Mound Visit: How Shelton can build ‘player-centered culture’ ☕

During Ben Cherington's introduction as the Pirates' new general manager earlier this month, he kept stressing that the Pirates were going to establish a "player-centered culture." If they do that, they are going to win and then, eventually, WIN.

This week, he made his first staffing decision, hiring Derek Shelton to be the 41st manager in the club's history. He too immediately started talking about the culture of the franchise.

“It is going to be an exciting change of culture in the clubhouse," Shelton said in the press release announcing his hiring. "It is going to be a fun environment in which we will all be held accountable to each other. It will be a player-centric culture built on strong communication and relationships with our players, our staff and the entire organization."

It is no question the Pirates are in dire need of a culture change. Not just because there were brawls between players and coaches — and teammates and coaches with players and coaches from other teams — but because of the egregious amount of talent they let slip through their fingers in recent years and how they had fallen behind the rest of the league; the prospects who never reached their potential in Pittsburgh, only to do so elsewhere; the major-league pitchers who found another gear once they left; how they were built on defense and pitch framing but had become steadily worse in the field for years, all the while preaching the importance of outs on three pitches or fewer. Each of these transgressions were potentially fireable offenses by themselves.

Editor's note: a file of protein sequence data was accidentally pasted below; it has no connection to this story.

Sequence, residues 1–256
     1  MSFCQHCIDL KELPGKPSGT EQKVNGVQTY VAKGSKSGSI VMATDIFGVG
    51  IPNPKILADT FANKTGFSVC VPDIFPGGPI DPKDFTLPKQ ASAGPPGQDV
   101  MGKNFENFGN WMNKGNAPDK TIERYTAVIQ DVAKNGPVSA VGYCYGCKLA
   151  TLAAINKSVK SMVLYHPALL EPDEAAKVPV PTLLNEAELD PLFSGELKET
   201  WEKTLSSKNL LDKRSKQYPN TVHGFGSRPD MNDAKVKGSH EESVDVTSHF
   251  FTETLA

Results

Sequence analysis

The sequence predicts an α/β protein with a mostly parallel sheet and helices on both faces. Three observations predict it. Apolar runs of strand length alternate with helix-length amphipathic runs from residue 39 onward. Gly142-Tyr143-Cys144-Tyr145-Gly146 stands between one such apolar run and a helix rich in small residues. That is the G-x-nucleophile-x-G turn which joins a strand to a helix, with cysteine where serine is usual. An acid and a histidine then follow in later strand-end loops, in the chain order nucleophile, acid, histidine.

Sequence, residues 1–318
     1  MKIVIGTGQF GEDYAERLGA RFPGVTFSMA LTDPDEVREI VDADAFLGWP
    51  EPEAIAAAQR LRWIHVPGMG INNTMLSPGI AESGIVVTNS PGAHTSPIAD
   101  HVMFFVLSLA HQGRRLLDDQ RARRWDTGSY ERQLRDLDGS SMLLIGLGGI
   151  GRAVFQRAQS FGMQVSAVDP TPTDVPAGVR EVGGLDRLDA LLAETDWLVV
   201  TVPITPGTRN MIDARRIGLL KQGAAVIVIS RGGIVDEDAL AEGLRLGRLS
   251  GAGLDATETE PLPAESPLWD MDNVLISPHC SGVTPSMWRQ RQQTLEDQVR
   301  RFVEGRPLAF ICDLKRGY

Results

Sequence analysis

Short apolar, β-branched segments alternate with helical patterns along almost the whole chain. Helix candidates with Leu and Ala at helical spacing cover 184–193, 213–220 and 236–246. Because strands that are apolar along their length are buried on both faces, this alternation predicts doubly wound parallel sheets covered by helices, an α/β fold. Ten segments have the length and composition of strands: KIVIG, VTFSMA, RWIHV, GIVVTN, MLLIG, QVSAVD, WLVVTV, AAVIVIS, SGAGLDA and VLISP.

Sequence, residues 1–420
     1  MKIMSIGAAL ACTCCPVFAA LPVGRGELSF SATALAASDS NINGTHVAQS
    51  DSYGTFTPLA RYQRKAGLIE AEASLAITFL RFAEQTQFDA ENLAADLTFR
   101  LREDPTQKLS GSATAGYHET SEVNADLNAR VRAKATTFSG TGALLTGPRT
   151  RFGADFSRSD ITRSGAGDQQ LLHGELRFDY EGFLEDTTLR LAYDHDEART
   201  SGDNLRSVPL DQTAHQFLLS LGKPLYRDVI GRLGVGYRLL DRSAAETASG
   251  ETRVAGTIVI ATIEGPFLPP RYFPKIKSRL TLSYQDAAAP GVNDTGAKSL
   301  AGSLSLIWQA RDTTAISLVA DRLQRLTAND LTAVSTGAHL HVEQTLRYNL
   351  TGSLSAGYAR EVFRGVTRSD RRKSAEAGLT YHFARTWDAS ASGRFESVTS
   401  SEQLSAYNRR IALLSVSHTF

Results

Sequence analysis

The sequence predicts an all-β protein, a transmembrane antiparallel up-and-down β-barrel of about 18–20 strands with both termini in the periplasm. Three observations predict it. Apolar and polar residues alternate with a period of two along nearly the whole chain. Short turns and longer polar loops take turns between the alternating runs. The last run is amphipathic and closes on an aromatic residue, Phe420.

The previous regime was not on the same page. That is not entirely Clint Hurdle's fault, nor is it entirely Neal Huntington's, Ray Searage's or anyone else's. But there is no question it was a fractured baseball-operations department. Those fractures bred multiple extended losing streaks and turmoil. There was no quality control.

When Pirates owner Bob Nutting spoke with DKPittsburghSports.com on Oct. 28, he explained that he wanted to pause the managerial search until a general manager was in place since the relationship between the two is "critically important." If the Pirates are going to be a player-centered development machine, they are going to need someone who can connect with players and the front office at the major league level.

Enter Shelton.

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